Thursday September 5, 2013 | 5 comments
Again this past August I was honored to be asked to lecture at the Hong Kong International Tea Festival and to serve as a judge for the International Tea Competition. It is always a great pleasure to work with distinguished tea people from around the world, learning and sharing knowledge about tea. Of course, tasting and critiquing over 100 excellent teas is not such a bad job, either.
Despite a delay caused by a level 8 typhoon, all entries were judged by the team of seven judges. The judges first discussed and agreed on the tasting method for each category and on the weight each factor had on the overall score. For some teas, such as CTC black teas, more importance is given to flavor and aroma than shape. For oolongs, appearance and aroma may weight more than liquor color. For the most part, standard professional tea tasting procedures were implemented. The resultant infusions are usually quite strong and not the way consumers would prepare the same tea. For tea tasters, this is the norm and tongues have been attuned to the stronger brew over years of training.
There were post-fermented teas; Pu Er and Dark teas were divided into their own categories. Greens and oolongs were represented. Black teas were entered into orthodox or CTC manufacture categories. It is quite a task to prepare so many teas in an efficient and effective way and the staff are to be commended for their attention to detail and for accommodating the requests of the judges. I can only say that I’m glad I didn’t have to wash all the dishes after the tasting sessions.
The lead judge for a category was the first to put down a mark. The other judges would follow and add or subtract from the starting score according to their evaluations. Samples were marked with codes to ensure anonymity of the samples. On a few occasions however, it was quite obvious that there were entries that didn’t seem to fit the category in which they were entered. Some were obviously entered in the wrong category and were summarily disqualified. But, a few others didn’t seem to fit any of the established categories. This was both a confounding as well as inspiring challenge.
The well-experienced judges scratched their heads more than once. “How do we evaluate this one?”
“But this is not a Pu Er tea!”
“Is it an oolong or a black tea?” These were some of the questions that rattled through the rows of tasting cups and sample trays. A well-made cake of compressed golden buds and dark whole leaves was entered in the Pu Er category. An unsuspecting consumer might not tumble right away to the fact that this tea was not fermented. “A black tea cake that looks just like a nice Shu Pu Er cake?” Another example, which was as tasty as it was curious, was a black tea entry which, to the trained nose and eye – as well as palate – was obviously made with and in the style of a favorite oolong tea. “Is this just an excessively oxidized oolong or in fact some kind of combination process?”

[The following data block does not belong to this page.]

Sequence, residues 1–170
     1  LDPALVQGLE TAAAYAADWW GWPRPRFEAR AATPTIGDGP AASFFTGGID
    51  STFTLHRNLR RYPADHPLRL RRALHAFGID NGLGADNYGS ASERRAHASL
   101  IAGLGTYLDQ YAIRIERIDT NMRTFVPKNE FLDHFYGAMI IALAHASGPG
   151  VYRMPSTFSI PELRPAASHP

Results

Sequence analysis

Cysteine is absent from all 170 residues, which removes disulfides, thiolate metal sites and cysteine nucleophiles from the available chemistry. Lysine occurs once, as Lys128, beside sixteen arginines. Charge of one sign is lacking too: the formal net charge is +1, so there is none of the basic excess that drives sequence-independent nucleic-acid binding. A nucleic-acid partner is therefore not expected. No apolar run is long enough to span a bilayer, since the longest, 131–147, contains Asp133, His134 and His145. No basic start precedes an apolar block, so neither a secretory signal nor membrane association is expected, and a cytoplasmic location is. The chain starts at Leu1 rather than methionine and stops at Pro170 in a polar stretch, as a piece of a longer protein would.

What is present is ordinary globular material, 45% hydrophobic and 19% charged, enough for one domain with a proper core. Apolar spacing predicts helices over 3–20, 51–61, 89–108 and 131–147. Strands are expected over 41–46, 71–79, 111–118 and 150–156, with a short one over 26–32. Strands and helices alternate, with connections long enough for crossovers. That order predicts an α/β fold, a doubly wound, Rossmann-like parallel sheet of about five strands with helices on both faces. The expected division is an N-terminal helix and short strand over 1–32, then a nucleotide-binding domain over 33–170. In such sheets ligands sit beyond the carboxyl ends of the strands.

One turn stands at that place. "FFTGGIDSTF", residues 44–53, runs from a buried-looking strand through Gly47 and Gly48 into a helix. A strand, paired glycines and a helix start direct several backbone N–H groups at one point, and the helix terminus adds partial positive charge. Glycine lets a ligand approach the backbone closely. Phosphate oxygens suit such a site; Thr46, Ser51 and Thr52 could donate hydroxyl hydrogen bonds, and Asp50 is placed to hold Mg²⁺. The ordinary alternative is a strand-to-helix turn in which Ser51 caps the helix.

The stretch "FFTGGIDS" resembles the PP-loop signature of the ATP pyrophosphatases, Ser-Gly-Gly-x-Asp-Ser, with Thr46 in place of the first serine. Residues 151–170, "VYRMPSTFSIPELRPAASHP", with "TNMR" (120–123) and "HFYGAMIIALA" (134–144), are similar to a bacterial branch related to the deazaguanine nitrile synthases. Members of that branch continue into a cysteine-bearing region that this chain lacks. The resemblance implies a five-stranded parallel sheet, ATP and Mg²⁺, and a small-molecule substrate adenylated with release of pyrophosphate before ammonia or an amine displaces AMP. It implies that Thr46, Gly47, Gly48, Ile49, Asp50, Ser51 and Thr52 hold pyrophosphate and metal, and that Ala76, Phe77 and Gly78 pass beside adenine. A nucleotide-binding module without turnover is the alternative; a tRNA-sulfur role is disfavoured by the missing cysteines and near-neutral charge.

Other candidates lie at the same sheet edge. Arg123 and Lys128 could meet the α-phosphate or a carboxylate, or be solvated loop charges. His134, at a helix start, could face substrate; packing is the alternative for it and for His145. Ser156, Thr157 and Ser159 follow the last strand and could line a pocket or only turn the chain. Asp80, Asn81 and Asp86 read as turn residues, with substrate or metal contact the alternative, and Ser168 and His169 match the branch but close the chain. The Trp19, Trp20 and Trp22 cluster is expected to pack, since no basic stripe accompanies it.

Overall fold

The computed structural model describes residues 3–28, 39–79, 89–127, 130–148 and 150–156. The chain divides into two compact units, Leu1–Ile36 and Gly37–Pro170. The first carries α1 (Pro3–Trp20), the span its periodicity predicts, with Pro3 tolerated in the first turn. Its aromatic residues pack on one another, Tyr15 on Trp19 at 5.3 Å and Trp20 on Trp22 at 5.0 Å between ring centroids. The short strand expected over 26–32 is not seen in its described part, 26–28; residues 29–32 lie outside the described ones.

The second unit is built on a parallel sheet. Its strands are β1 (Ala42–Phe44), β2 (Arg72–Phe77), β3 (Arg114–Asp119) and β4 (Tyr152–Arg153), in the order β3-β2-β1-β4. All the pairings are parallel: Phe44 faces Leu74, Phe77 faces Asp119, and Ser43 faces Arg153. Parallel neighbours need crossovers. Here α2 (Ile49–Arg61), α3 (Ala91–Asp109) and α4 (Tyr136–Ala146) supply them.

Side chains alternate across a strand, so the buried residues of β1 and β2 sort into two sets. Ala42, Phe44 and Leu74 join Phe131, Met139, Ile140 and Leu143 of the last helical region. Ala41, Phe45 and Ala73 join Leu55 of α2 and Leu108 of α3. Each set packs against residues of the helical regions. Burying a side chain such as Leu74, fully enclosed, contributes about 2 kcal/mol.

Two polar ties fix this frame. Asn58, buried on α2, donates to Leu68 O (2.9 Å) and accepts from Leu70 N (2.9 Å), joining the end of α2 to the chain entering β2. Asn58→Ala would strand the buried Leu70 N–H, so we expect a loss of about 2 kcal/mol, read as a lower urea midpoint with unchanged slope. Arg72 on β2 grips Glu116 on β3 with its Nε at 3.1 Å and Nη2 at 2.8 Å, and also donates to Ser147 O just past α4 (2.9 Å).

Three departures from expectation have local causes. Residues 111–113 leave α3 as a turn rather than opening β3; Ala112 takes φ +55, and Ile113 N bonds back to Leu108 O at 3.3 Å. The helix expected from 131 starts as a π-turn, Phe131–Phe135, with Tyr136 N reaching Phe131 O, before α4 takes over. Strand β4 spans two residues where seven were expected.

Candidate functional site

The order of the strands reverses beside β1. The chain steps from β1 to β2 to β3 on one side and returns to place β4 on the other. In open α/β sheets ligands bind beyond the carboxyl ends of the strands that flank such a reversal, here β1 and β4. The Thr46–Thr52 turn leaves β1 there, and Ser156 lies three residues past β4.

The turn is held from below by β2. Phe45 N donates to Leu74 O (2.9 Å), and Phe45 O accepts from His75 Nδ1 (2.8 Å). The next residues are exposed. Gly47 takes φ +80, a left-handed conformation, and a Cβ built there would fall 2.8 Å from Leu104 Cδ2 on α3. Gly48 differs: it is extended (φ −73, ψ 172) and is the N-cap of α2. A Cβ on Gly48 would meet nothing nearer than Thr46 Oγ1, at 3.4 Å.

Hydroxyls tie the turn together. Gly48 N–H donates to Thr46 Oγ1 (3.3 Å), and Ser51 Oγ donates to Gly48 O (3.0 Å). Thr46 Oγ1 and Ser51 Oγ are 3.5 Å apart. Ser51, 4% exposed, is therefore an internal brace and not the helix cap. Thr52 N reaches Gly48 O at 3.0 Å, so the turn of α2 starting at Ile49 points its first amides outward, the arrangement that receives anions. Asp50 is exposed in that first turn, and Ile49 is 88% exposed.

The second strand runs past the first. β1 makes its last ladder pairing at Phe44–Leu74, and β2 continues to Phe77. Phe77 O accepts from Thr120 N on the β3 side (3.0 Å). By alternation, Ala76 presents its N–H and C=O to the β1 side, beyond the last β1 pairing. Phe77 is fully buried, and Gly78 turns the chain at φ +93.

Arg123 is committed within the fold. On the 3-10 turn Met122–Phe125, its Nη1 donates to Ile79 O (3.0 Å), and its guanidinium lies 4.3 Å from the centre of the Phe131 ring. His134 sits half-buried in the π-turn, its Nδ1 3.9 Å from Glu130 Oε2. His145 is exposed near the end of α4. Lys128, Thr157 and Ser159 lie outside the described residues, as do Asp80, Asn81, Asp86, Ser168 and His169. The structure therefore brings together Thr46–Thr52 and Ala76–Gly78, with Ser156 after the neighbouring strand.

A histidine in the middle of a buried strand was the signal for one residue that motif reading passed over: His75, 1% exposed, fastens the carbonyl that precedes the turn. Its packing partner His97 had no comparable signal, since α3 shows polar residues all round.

In this day and age, we are getting accustomed to hearing the terms Hybrid and cross-over. Traditional models are being challenged, and new combinations are popping up all the time. I suppose it should be of no surprise that this is going on in the tea industry as well. India is making “Chinese” style green and white teas. China’s domestic thirst for green tea is waning in the face of the new, insatiable demand for black teas. Bud-only Silver tip teas are coming from Sri Lanka. These days one’s cup of tea may not be from the same place it was developed and produced for centuries. Or, perhaps it is not made in the same way it has been for generations. I myself have to confess a bit of guilt here, having worked with a garden in Darjeeling to produce a tea that is indeed hard to classify in a traditional way, but is altogether wonderful in its own right.
So then, as a judge, how does one fairly and objectively evaluate such teas? Without benchmarks for comparison, are we left with ultimately only subjective impressions? As a judge, “I like it” is usually not a sufficient evaluation. We can comment on technical features like the degree to which a tea was withered or fired; whether it has a bright appearance in the cup. But with so many possible variations, how can teas be grouped into reasonable categories or classified for evaluation? If every tea is different, how can we compare them? Isn’t this kind of the point of a competition? It is already a challenge for one individual to be versed in all the traditional tea types and categories. How then to accommodate the spontaneous, the new, the “out of the box”? What is to be the fate of the traditional, old favorites? Do they get shelved for lack of novelty? Will an offering have to be “tea-chique” to be viable in the market? Who can say. But it is a certainty that competitions, and the expectations of judges are going to blossom into something more than they are now.
And by the way, I really liked the oolong/black tea or whatever it was.